Relationship sending Simmons spiralling
BEN Simmons has regressed in his second NBA season and his new starting teammate Markelle Fultz is a key reason why.
Following a pitiful defeat to the Brooklyn Nets on Monday (AEST), the Philadelphia 76ers have slipped to 6-5 in the new campaign.
They are failing to live up to pre-season expectations that placed them firmly within the NBA Championship conversation.
There are problems all up and down the court for Brett Brown's men, but the offensive end has seen a major drop off, especially when Simmons and Fultz share the floor.
Philadelphia scores like the worst team in NBA basketball with Simmons and Fultz together this season - the duo's offensive rating (89.3) would rank a full 12 points behind the league-worst Orlando Magic.
"To date, our starting line-up has struggled," Brown said. "Ben and Markelle are really good players who do lots with the ball, but the spacing in our sport is important. That's the most honest and simple answer I can give."
Like his Australian counterpart, Fultz is a weak outside shooter who needs the basketball in his hands to be effective.
Simmons is still producing impressive statistical outputs, averaging 13.9 points, 9.3 rebounds and 7.5 assists in 31 minutes per game, but his impact is down and the early season has brought two of his worst games as a professional.
The Australian suffered through a career high 15 missed field goals against Charlotte last weekend and followed that up with a career worst 11 turnovers against Toronto three nights later.
Despite what the numbers stay, Simmons doesn't believe the presence of Fultz is responsible his slow start, or that of his team.
Instead Simmons believes the problems are mental.
"We've been playing soft, we've been bullsh**ing," Simmons said, in the aftermath of Philadelphia's loss to Brooklyn.
"I don't know if it's a mental thing, a toughness thing or something that we need to point out what it is but we just need to step it up."
With Fultz by his side, Simmons commits turnovers on an extra 40 per cent of his possessions and his already-questionable shooting slips even further. Simmons is shooting 50 per cent from the field this season, down from 55 per cent as a rookie, and has only made two field goals from more than nine feet away from the basket.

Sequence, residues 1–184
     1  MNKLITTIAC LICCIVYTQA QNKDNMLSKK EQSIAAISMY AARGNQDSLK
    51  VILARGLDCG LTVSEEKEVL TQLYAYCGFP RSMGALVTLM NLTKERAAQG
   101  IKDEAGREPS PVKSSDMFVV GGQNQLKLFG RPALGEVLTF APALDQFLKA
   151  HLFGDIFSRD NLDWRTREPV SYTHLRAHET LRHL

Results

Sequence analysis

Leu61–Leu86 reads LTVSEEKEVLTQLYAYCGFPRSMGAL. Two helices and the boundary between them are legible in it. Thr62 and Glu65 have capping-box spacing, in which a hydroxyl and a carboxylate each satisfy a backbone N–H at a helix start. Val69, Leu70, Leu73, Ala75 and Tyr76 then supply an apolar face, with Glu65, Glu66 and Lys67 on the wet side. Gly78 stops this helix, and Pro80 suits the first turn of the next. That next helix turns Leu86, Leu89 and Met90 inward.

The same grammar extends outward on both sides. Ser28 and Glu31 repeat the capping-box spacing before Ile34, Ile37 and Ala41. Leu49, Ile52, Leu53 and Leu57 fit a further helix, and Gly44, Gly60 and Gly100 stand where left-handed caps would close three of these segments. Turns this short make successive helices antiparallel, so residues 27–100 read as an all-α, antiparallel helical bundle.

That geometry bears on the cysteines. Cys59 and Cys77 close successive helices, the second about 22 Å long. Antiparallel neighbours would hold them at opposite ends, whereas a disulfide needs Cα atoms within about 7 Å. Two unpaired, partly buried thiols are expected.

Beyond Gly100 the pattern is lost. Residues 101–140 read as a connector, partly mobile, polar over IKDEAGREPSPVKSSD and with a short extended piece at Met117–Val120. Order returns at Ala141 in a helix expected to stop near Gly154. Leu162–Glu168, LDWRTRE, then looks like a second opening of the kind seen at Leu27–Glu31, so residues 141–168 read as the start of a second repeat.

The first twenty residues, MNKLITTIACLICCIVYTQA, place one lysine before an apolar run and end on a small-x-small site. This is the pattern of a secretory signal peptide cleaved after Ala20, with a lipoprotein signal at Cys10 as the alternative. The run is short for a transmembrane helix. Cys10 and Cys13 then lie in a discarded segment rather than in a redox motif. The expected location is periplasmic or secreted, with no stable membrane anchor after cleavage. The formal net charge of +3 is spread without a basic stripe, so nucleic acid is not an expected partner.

Brown admits this is an area Simmons and Fultz must address if they are to remain together in the starting line-up.
"It's shooting and it's space," Brown said, when asked what Simmons and Fultz need to improve. "That's that. You don't have to reach much further."
The former Boomers mentor said he wasn't tied to the current set-up.
"This is the question we tried to figure out all summer," he said.
"It's still on the table, I'm not a prisoner to anything. This is my call. I'm not getting directed by (general manager) Elton (Brand) or by owners. I'm trying to navigate that responsibly. I could play him exclusively as Ben's back-up. That would make him a 12 to 15 minute per game player. I could do that. I have chosen not to at this stage. I want to put him into that starting group to give him more minutes and to look at him and figure some stuff out."
Despite the early struggles, Fultz is adamant he can flourish next to Simmons.
"We are two great basketball players who know how to play basketball," Fultz said. "We are two competitors and we will find a way to make it work.
"We go out and compete. It's only been 10 games and we are just looking to get better."
Selecting Fultz in the 2017 draft made sense at the time for Philadelphia, as he was a 41 per cent three-point shooter in college with Washington.
This shooting touch has not translated to the NBA as Fultz has only converted four three-point field goals in his 25 NBA games.
Simmons is yet to make a three pointer in the NBA having only attempted 11 as a rookie and zero this season.
Something has to give.